The Health Benefits of Dark Chocolate

Feb 15, 2017

Foothills Sports Medicine Physical Therapy

by Foothills Sports Medicine Physical Therapy

Being fit and healthy doesn’t just entail coming to your physical therapy sessions and it definitely doesn’t mean giving up your favorite foods. In fact, dark chocolate, with over 70% cacao or cocoa, is actually good for you! While the rule doesn’t apply to dark chocolate’s lighter and sweeter counterparts, the appeal of dark chocolate now goes far beyond its bittersweet taste.
According to Authority Nutrition, dark chocolate is rich in antioxidants such as polyphenols, flavanols and catechins, and a 100 gram bar, containing about 70-85% cocoa, also contains roughly 11 grams of fiber, 67% of the recommended daily allowance (RDA) for Iron, 58% of the RDA for Magnesium, 89% of the RDA for Copper, 98% of the RDA for Manganese, as well as hearty portions of potassium, phosphorus, zinc and selenium.
Mary Engler, Ph.D. and Director of the Cardiovascular and Genomics Advanced Practice program at the University of California at San Francisco’s Department of Physiological Nursing, recommends limiting yourself to small amounts of dark chocolate each day, consuming 6.7 grams a day for healthy adults.
So what does all this translate to in terms of perceivable health benefits? Let’s find out!
A Healthier Heart
Dark chocolate isn’t just a romantic treat, but it’s also incredibly good for your heart! Eating a serving of dark chocolate each week, over the long term, can reduce your risk of heart failure and heart disease. The antioxidant compounds or flavonoids in dark chocolate increase the flexibility of your veins and arteries, protecting them against the oxidation of low-density lipoprotein (LDL) cholesterol (an important marker of cardiovascular disease), while fiber helps to lessen the inflammation of cardiovascular tissue and reduce the risk of stroke.
A Better Brain
Next time you need a boost of brain power, grab a glass of red wine and some dark chocolate, tell your physical therapy expert it’s ok. These flavanol-rich foods dilate blood vessels, boosting oxygen and blood flow to key areas of the brain that improve performance and alertness. Recent research shows that participants who consumed chocolate tended to score higher on cognitive function tests.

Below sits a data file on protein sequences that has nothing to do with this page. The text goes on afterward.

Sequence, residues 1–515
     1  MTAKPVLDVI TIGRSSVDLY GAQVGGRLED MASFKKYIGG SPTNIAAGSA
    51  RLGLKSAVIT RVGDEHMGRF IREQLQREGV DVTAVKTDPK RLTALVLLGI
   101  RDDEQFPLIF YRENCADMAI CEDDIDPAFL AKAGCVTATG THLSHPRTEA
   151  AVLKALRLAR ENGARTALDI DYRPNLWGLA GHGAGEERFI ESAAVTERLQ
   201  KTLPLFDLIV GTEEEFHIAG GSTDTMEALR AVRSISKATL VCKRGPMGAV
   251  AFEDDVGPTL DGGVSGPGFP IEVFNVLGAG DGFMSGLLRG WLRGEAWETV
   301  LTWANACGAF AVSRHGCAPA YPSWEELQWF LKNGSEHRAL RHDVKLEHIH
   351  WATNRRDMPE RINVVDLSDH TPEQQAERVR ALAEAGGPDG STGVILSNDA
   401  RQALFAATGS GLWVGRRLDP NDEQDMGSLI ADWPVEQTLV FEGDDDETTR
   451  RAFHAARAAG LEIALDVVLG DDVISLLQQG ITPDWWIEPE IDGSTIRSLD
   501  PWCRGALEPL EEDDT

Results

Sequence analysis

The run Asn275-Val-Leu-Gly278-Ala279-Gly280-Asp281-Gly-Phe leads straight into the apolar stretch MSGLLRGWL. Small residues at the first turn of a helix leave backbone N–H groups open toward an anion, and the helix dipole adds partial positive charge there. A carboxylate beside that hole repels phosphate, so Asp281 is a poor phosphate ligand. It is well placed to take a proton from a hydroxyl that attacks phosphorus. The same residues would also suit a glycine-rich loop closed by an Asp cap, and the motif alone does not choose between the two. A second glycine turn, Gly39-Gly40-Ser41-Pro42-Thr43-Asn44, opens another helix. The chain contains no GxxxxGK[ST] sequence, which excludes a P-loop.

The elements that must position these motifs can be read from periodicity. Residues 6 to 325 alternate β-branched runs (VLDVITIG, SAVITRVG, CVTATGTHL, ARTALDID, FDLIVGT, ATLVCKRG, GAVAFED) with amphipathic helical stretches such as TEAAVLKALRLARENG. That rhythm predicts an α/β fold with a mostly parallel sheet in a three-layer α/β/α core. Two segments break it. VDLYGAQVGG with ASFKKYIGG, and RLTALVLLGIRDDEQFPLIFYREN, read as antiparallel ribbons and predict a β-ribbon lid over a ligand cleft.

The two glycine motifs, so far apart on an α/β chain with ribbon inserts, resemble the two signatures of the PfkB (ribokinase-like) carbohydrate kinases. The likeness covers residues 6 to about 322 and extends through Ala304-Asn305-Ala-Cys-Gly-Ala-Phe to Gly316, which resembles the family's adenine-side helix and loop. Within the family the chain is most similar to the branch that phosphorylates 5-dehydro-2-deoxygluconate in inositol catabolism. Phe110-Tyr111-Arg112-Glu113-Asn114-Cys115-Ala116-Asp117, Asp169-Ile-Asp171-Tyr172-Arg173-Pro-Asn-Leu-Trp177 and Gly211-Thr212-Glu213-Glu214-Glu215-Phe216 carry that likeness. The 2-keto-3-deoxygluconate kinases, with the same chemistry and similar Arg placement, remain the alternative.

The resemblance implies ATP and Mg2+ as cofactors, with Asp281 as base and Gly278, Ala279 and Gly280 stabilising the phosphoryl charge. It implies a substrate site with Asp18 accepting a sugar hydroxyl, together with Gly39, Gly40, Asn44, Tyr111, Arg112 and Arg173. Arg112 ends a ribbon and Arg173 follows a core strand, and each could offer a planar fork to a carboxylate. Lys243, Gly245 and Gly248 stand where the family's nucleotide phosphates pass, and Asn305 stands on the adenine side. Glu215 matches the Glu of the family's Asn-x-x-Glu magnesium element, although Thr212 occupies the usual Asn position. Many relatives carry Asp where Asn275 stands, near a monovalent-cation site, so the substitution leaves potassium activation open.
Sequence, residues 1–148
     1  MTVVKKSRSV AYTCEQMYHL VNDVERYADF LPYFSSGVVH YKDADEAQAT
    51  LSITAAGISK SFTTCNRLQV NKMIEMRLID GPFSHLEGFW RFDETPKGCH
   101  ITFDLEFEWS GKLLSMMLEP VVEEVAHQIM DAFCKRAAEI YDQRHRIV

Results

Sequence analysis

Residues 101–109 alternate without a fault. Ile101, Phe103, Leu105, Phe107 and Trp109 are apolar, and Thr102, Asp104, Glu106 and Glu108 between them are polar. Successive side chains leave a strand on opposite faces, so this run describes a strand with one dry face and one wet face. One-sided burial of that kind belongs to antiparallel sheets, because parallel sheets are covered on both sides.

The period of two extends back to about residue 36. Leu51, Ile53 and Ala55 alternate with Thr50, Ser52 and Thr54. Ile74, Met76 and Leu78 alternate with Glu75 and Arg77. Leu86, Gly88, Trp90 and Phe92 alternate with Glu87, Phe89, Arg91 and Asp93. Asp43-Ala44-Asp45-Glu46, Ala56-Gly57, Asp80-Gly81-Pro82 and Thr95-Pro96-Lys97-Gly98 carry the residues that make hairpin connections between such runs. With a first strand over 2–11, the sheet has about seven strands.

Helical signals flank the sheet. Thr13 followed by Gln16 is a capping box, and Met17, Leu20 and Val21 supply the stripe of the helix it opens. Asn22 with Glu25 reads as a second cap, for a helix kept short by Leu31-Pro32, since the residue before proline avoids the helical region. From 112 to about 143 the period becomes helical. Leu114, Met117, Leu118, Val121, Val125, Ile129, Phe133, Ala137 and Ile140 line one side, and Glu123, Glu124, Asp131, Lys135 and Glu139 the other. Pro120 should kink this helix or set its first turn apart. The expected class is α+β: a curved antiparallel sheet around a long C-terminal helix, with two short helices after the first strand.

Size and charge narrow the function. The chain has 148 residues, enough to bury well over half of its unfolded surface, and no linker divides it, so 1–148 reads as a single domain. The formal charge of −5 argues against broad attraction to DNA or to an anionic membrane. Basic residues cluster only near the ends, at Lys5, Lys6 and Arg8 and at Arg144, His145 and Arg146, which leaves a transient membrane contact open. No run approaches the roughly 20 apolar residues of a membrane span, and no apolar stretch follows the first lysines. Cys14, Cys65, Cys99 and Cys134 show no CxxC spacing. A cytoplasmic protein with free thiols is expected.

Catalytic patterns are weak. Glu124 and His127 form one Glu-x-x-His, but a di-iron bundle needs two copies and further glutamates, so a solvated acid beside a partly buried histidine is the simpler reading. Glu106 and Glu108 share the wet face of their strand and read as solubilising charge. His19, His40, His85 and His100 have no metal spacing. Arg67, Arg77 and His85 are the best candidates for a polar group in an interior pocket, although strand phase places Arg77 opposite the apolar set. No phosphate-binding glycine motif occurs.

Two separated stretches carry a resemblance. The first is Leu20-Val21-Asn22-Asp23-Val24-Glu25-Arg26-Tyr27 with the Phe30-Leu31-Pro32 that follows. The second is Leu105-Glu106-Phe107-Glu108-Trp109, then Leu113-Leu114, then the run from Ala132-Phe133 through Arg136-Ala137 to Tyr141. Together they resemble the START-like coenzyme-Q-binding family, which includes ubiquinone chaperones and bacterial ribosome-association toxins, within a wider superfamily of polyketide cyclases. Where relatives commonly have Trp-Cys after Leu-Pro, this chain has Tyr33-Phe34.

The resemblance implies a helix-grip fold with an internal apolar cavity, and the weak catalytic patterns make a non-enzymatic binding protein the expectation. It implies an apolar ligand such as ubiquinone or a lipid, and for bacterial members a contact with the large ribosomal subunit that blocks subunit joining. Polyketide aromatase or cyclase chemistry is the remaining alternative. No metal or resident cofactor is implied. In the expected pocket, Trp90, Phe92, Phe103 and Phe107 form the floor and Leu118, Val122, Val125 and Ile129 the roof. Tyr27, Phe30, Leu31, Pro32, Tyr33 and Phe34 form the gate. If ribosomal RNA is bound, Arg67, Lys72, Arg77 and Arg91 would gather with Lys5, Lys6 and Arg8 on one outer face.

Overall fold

Lower Blood Pressure
If you’re plagued by mild to high blood pressure, Dirk Taubert, MD, Ph.D. of the University of Cologne, Germany says that dark chocolate could be beneficial in reducing your blood pressure if you are above the age of 50. Research has shown that eating a small amount of flavanol-rich dark chocolate a day can decrease blood pressure and lower the risk of death from heart disease. But Taubert warns that due to the high fat, sugar, and calorie content in this amount of dark chocolate, patients will have to moderate other parts of their diet to accommodate it.
Improved Sun and Skin Protection
Flavanol-rich dark chocolate may actually help protect your skin from the sun. According to Women’s Health, after three months of eating dark chocolate with high levels of flavanols, patients took twice as long to develop reddening after unprotected contact with sunlight. This is because, according to Authority Nutrition, the minimal erythemal dose (MED), the smallest amount of UVB rays needed to cause skin redness, more than doubled in patients due to their consumption of high flavanol dark chocolate for 12-weeks. But beware of over manufactured chocolate; certain manufacturing processes can destroy the integrity of flavanols.
If you have additional questions about how to integrate healthy diet choices into your physical therapy treatment, contact your local Foothills Sports Medicine Physical Therapy clinic today.

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